Three Cocke County men face federal charges of illegally harvesting ginseng in the Great Smoky Mountains National Park. Park spokesperson Dana Soehn said rangers received reports of the offense at 2:30 p.m. Thursday, Oct. 2, but it was later in the evening when the arrests were made.
Danny Grooms, 28, and Robert Goben, Jr., 46 of Cosby, and Ryan Stieman, 18 of Newport allegedly dug the protected plant along Highway 321 between Cosby and Greenbrier.
Grooms was arrested near his home on Baxter Road early Friday morning by Cocke County Deputy Zach Shelton, for park rangers who were looking for him. A search of the vehicle resulted in the confiscation of suspected marijuana, and marijuana pipes and a grinder so he was charged with possession of marijuana and drug paraphernalia. Grooms also was wanted for violation of probation.
Soehn said the ginseng harvesting carries with it up to six months in jail and a fine up to $5,000 on conviction.
In a separate case, Christopher Ian Jacobson, 31, of Cosby, recently was sentenced to 80 days in prison and was ordered to pay a $1,000 fine. Jacobson pleaded guilty in U.S. District Court in Asheville to the illegal possession of 298 roots of ginseng.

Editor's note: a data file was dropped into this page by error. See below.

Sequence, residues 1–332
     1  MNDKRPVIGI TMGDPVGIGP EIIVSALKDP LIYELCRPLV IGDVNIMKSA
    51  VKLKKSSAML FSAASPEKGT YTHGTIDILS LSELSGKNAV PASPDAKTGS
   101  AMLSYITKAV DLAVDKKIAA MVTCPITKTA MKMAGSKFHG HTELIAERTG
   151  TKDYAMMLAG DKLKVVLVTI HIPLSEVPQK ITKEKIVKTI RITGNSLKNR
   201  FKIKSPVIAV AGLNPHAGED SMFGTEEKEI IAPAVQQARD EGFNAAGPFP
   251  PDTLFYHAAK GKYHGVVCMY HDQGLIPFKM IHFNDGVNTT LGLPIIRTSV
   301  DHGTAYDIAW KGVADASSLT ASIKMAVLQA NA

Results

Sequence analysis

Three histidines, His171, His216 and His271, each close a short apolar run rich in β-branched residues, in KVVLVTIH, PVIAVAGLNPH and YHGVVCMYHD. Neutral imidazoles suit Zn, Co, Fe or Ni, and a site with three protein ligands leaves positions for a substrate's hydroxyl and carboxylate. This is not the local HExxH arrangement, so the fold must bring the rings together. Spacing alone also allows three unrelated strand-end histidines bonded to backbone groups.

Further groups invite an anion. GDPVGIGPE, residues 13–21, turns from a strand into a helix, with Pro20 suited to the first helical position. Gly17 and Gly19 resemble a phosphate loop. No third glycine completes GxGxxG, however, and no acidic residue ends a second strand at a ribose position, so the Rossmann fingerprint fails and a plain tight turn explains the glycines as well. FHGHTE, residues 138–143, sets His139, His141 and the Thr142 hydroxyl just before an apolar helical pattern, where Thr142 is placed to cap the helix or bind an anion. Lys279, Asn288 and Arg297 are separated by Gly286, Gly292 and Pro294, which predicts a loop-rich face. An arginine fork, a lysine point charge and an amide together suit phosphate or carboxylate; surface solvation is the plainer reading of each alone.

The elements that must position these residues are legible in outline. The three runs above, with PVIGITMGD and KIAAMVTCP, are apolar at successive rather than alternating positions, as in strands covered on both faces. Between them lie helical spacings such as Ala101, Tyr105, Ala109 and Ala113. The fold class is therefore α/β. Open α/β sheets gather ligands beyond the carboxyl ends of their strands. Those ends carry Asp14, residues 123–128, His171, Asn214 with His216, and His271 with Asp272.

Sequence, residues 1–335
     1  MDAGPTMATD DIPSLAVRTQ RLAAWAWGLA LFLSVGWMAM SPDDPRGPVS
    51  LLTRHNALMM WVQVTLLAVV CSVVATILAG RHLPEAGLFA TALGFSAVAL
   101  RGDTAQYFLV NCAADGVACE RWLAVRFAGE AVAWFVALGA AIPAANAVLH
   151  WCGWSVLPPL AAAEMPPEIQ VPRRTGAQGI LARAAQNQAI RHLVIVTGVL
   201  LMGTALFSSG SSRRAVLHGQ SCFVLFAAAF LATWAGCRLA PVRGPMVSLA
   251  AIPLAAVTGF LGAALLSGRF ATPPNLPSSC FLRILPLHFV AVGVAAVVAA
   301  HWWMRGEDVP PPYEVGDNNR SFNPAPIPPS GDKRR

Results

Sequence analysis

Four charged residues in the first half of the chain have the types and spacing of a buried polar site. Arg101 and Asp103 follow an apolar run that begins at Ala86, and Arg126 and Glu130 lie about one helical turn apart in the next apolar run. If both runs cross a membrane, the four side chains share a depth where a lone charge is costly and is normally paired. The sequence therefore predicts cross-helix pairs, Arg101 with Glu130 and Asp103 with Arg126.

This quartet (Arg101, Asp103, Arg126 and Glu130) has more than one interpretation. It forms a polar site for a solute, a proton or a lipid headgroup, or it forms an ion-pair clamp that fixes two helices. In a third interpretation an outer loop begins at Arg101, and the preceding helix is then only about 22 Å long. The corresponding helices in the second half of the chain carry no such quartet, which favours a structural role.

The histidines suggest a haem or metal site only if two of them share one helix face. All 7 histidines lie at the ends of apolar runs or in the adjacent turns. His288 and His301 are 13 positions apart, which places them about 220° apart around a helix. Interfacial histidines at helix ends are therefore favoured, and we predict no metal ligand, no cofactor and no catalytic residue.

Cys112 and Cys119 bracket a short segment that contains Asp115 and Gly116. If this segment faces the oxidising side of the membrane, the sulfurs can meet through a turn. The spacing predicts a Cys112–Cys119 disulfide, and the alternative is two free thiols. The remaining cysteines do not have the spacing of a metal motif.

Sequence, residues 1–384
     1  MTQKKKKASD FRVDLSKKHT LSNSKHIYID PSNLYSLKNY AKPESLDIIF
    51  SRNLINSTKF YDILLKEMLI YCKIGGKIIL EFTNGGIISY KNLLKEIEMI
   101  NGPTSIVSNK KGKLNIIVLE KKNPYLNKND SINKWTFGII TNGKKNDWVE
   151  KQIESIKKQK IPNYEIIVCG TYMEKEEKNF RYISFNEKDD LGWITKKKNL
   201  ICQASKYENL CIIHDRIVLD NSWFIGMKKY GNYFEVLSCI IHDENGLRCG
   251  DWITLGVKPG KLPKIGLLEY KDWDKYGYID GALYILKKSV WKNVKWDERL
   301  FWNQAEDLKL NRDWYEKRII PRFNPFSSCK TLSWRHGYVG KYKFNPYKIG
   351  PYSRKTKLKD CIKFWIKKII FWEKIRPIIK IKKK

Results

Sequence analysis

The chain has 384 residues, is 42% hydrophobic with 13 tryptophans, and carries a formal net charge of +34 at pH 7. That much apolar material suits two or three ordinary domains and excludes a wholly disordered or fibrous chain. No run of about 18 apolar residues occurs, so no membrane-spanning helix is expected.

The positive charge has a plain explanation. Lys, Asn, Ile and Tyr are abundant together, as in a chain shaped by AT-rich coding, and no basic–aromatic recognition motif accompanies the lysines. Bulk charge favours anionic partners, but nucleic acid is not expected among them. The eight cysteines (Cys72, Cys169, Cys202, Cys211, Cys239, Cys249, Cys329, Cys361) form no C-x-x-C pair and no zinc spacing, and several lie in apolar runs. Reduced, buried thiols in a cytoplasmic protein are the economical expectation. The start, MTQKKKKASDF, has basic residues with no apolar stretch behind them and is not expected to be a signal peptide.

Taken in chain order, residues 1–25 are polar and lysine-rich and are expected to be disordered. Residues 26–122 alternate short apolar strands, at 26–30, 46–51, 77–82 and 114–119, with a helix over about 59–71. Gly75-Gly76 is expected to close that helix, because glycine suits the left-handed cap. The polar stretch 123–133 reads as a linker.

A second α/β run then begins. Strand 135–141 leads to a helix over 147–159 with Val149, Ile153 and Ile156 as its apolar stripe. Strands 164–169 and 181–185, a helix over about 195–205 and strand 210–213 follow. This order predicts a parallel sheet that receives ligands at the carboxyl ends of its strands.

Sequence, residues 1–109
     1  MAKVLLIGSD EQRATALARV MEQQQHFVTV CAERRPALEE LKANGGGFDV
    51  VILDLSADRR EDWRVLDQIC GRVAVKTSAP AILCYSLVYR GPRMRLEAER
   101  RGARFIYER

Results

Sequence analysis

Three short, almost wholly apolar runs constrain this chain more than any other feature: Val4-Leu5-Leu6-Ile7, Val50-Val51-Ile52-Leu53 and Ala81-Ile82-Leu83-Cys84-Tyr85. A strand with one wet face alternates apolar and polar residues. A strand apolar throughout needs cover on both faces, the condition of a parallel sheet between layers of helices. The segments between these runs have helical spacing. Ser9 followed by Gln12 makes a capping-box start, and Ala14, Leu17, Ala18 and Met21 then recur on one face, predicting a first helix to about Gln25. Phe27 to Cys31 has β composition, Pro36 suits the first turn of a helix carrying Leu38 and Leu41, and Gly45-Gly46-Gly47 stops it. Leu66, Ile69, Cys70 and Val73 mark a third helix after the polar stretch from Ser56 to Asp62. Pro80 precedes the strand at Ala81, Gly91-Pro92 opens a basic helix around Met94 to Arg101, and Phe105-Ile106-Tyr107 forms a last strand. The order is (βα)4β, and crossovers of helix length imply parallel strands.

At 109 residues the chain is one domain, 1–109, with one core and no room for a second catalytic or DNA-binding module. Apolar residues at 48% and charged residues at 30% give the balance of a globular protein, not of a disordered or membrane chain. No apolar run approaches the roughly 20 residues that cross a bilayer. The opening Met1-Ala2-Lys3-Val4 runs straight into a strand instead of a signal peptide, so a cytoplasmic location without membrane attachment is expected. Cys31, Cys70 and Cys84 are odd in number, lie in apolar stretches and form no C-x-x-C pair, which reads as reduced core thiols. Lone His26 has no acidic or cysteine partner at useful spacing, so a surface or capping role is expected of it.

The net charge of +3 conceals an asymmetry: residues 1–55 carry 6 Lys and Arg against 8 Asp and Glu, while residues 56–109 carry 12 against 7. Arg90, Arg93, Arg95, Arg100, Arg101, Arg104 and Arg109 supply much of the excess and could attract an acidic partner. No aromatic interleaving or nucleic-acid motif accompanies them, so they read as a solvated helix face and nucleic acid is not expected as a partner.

American ginseng is a native plant in the Smoky Mountains. These wild roots are also a highly prized tonic, particularly in Asian markets. Dried ginseng roots are used in medicines, teas, and other health products. American ginseng was recently placed in North Carolina’s Watch Category which includes generally widespread species that are in commercial demand and are often collected and sold in high volume.
This category was created to bring attention to the issue, since such high volume collection is unsustainable in the long run.
Ginseng harvest in the park has always been illegal. It is legal to harvest ginseng outside the park on private lands or with a permit in certain Forest Service areas during the harvesting season.
Park scientists have realized these slow-growing native plants could disappear because harvesting means taking the entire ginseng root. Each year law enforcement rangers seize between 500 and 1000 illegally poached ginseng roots.
Over the years, park biologists have marked and replanted over 15,000 roots seized by law enforcement. Monitoring indicates that many of these roots have survived and are again thriving in these mountains.
The U.S. Attorney’s Office and the National Park Service remind the public that gathering ginseng on federal lands, such as the Great Smoky Mountains National Park, is a federal crime.
The Smokies are the largest fully protected reserve known for wild ginseng. This plant was formerly abundant throughout the eastern mountains, but due to overharvesting, populations have been significantly reduced to isolated patches. The roots poached in this park are usually young, between the ages of 5 and 10 years, and have not yet reached their full reproductive capacity. In time, the park’s populations might recover if poaching ceased.